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Resources for the Study of Real Analysis

Robert L. Brabenec
Publication Date: 
Number of Pages: 
Classroom Resource Materials
[Reviewed by
Ioana Mihaila
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Resources for the Study of Real Analysis is an eclectic collection of problems, calculus results, and history tidbits, written for both students and instructors of analysis. The book is structured into four parts.

The first section of the book, entitled “Review of Calculus”, is mostly directed at students. It contains an outline of topics and a summary of important ideas and techniques. I like the straightforward presentation of this chapter, noticeable in statements like “know that \(\frac10=\pm\infty\)”.

Part II, “Analysis Problems” makes up the bulk of the book. Some of the problems are standard analysis fare, for example the Cantor middle third set, the Gamma function, and various proofs that \(\displaystyle\sum_{n=1}^\infty=\frac{\pi^2}{6}\), others are more unusual, such as Problem 32 on “summability of divergent series”. The order of the problems is somewhat arbitrary, and the level of difficulty varies as well. Some problems, especially in the first two sections of Part II are meant to check the students’ understanding of basic concepts. For example, problems 8 and 9 (on topological notions and uniform continuity, respectively) ask the students to “fill in the table” with the relevant information. Other problems are better suited as projects (perhaps worked in groups) — especially the enrichment problems in the third section. I was pleased to find in this part of the book a comparison of the root and ratio tests for series, along with an introduction of the Raabe test.

“Essays”, the third part of the book has again three different sections. The first and largest is dedicated to a streamlined history of analysis, and includes biographical sketches of the founders of analysis. These essays guide the reader through the key points in the development of analysis, and make a nice starting point for student writing projects. Annotated papers supplied in the fourth part of the book, “Selected Readings”, supplement the historical information on L’Hopital, Bernoulli, Lebesgue, and others.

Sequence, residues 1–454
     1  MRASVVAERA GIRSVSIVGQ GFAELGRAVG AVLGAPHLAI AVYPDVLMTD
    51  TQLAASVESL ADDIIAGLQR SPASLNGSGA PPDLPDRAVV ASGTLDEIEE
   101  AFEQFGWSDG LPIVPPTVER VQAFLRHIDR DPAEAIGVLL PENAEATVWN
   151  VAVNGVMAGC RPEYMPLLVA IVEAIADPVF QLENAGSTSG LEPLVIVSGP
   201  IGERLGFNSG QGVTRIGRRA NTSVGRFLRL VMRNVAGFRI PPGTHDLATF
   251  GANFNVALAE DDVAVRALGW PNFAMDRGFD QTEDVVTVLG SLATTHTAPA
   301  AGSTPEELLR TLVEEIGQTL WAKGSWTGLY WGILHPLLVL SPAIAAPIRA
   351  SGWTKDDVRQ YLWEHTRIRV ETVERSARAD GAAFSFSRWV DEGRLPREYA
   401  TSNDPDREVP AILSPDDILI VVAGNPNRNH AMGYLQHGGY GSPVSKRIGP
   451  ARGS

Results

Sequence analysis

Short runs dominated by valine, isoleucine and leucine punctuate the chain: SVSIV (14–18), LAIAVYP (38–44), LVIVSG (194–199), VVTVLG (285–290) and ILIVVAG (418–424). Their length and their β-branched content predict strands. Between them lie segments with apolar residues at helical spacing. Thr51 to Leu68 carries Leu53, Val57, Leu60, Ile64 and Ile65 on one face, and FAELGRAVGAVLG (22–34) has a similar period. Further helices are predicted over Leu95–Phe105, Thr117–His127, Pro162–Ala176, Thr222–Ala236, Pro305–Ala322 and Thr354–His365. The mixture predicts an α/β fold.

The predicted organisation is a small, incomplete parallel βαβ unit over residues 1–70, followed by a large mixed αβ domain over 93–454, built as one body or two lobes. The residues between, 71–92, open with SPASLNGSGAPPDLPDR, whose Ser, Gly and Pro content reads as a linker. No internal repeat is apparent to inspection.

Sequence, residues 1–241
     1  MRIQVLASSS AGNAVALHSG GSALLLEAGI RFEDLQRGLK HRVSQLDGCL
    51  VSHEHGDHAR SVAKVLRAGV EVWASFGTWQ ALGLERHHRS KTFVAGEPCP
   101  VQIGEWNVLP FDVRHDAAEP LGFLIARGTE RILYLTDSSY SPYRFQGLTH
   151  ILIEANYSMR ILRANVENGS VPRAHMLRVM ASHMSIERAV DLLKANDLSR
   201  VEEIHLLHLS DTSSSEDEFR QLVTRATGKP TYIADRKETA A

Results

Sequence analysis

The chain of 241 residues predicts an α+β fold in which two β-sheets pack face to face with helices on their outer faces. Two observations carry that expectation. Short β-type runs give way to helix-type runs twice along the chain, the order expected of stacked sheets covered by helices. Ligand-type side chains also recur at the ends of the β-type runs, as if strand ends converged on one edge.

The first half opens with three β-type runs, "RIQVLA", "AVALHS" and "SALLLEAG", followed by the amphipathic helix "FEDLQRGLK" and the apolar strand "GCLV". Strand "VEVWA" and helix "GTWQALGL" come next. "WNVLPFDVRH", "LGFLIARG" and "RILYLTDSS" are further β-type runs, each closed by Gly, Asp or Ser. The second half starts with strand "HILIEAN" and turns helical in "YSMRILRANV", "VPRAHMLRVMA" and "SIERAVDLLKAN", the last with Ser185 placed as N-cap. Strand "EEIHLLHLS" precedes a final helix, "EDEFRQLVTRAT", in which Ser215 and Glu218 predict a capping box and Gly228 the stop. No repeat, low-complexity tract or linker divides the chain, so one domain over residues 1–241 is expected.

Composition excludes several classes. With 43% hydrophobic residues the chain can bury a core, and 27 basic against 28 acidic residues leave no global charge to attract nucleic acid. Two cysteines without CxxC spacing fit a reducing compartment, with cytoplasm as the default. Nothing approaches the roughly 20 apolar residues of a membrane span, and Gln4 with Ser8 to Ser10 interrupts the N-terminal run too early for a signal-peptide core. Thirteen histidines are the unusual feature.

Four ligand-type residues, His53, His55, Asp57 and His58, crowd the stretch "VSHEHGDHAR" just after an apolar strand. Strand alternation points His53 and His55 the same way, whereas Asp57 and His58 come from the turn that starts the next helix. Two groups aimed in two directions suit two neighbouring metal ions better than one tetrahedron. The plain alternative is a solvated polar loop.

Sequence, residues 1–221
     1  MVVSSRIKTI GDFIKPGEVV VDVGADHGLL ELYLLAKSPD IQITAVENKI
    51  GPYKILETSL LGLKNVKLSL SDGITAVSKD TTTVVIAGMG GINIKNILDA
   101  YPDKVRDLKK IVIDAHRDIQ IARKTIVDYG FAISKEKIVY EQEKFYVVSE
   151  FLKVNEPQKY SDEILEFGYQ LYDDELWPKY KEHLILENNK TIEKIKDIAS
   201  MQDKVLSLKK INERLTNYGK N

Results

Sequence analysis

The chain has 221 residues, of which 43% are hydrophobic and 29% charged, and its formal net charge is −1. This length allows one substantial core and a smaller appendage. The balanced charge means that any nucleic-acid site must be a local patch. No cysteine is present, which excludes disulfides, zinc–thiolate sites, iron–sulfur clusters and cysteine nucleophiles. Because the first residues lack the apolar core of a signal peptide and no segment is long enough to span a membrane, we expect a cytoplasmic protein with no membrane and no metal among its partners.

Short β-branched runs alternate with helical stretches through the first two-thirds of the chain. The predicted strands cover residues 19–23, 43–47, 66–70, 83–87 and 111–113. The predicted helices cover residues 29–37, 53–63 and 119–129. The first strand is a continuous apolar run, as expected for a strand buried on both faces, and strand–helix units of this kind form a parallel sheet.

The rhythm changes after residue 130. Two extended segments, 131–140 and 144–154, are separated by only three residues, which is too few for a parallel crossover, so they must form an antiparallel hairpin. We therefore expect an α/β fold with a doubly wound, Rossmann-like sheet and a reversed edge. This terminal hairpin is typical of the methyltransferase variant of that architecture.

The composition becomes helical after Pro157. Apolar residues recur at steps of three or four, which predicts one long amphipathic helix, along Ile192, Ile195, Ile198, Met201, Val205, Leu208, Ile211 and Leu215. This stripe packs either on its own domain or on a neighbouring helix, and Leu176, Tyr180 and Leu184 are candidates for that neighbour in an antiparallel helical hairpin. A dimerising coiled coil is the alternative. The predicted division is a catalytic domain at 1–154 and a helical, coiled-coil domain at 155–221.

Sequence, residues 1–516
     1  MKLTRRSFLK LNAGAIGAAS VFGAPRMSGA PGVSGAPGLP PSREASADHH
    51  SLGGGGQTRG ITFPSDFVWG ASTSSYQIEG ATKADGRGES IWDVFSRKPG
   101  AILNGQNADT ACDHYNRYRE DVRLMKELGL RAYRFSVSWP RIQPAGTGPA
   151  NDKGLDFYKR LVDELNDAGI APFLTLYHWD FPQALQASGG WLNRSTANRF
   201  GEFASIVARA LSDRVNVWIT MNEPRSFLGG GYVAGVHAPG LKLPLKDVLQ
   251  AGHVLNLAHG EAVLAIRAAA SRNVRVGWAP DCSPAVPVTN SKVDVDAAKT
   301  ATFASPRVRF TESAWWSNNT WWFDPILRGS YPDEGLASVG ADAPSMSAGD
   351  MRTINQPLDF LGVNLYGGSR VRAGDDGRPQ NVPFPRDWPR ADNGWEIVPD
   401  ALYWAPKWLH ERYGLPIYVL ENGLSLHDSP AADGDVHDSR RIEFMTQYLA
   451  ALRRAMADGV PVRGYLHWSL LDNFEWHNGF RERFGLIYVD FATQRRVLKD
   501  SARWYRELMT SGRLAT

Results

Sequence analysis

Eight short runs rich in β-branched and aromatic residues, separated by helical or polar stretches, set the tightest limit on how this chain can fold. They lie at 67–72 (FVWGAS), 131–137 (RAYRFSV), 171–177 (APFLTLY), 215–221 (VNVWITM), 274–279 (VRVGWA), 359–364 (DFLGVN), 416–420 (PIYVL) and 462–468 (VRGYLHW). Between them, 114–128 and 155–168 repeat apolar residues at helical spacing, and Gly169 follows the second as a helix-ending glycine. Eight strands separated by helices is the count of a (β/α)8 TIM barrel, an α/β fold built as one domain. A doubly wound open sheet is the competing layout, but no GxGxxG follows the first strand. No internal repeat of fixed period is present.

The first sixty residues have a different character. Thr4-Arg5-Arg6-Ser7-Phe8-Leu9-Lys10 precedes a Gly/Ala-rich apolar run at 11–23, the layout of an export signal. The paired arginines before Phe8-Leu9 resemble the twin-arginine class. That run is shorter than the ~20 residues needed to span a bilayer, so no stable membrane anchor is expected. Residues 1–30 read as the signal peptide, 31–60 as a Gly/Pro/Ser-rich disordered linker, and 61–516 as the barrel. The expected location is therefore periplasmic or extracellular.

Overall, the book is what the title promises: a great resource for teaching and studying analysis. I would use this book in conjunction with others that I consider very valuable, such as Calculus Gems, by George Simmons (which Brabenec mentions in his annotated bibliography), Problems in Mathematical Analysis, by Kaczor and Nowak, Counterexamples in Analysis, by Gelbaum and Olmsted, and some history of mathematics resources. The presentation of the material is clear and the exercises are arranged with sufficient care to make the reading easy enough for students taking their first real analysis course. However, there is a lack of cohesion within the parts of the book, and as such this collection of problems and other analysis facts is probably more useful for instructors looking to spice up their courses, than for students.

Ioana Mihaila ( is Assistant Professor of Mathematics at Cal Poly Pomona. Her research area is analysis, and she is interested in mathematics competitions.

The table of contents is not available.